dependencies relating to them). The aim of this e"ercise is to +nd what

attributes depend on a given set of attributes and therefore ought to

be together. The other approach is to +nd the minimal co$ers. We will

discuss both approaches brie1y.

#s noted earlier, we need not deal with the large number of

dependencies that might arise in a closure since often one is only

interested in determining closure of a set of attributes given a set of

functional dependencies. Closure of a set of attributes X is all the

attributes that are functionally dependent on X given some functional

dependencies F while the closure of F was all functional dependencies

that are implied by F. Computing the closure of a set of attributes is a

much simpler tas$ if we are dealing with a small number of attributes.

We will denote the closure of a set of attributes X given F by $#.

#n algorithm to determine the closure'

3tep - %et $# &- $

3tep 6 %et the ne"t dependency be A -> B. If A is in $# and B is not,

$# &- $#' B.

3tep 7 Continue step 6 until no new attributes can be added to $#

The result of the algorithm is equal to $#.

The above algorithm may also be used to remove redundant

dependencies. or e"ample, to chec$ if $ -> A is redundant, we +nd

closure of X without using $ -> A. If A is in $#, we can eliminate $ ->

A as redundant.

Consider the following relation

student(sno, sname, cno, cname).

We wish to determine the closure of (sno, cno). We have the following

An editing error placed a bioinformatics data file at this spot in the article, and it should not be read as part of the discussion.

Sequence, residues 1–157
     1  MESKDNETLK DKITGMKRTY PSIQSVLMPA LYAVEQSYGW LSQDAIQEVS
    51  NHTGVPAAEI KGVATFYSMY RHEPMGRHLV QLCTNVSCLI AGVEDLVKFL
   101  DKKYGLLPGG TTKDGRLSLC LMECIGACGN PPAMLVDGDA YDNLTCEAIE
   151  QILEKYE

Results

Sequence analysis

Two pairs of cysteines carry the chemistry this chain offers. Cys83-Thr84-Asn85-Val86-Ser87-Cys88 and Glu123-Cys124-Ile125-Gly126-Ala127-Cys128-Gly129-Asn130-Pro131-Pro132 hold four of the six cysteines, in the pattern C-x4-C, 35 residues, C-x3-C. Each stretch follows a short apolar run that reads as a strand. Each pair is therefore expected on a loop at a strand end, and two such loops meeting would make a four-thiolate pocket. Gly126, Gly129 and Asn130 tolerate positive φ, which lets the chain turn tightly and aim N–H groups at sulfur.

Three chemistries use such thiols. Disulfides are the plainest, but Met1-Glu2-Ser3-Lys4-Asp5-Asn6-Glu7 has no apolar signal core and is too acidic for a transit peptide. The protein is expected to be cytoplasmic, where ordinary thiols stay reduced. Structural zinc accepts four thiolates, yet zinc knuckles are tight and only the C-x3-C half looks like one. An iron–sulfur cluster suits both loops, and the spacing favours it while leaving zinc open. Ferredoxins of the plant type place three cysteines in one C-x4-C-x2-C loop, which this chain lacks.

functional dependencies.

sno -> sname

cno -> cname

We apply the above algorithm using $(c as the place holder for all the

attributes that have been found to be dependent on X so far.

%tep & !!! $# &- $, that is, $# &- (sno, cno)

%tep ' !!! Consider sno -> sname, since sno is in $# and sname is

not, we have

$# &- (sno, cno) # sname

%tep ( !!! Consider cno -> cname, since cno is in $# and cname is

not, we have

$# &- (sno, cno, sname) # cname

%tep ) !!! #gain, consider sno -> sname but this does not change $#

%tep * !!! #gain, consider cno -> cname but this does not change $#

Therefore $# = (sno, cno, sname, cname).

This shows that all the attributes in the relation student (sno, cno,

sname, cname) are dependent on (sno, cno) and therefore (sno, cno) is

a candidate $ey of the present relation. In this case, it is the only

candidate $ey.

3imilarly we may wish to investigate the closure of (sname, cname).

We will +nd that the closure of (sname, cname) is only (sname,

cname). Therefore these two attributes together cannot form the $ey

of the above relation.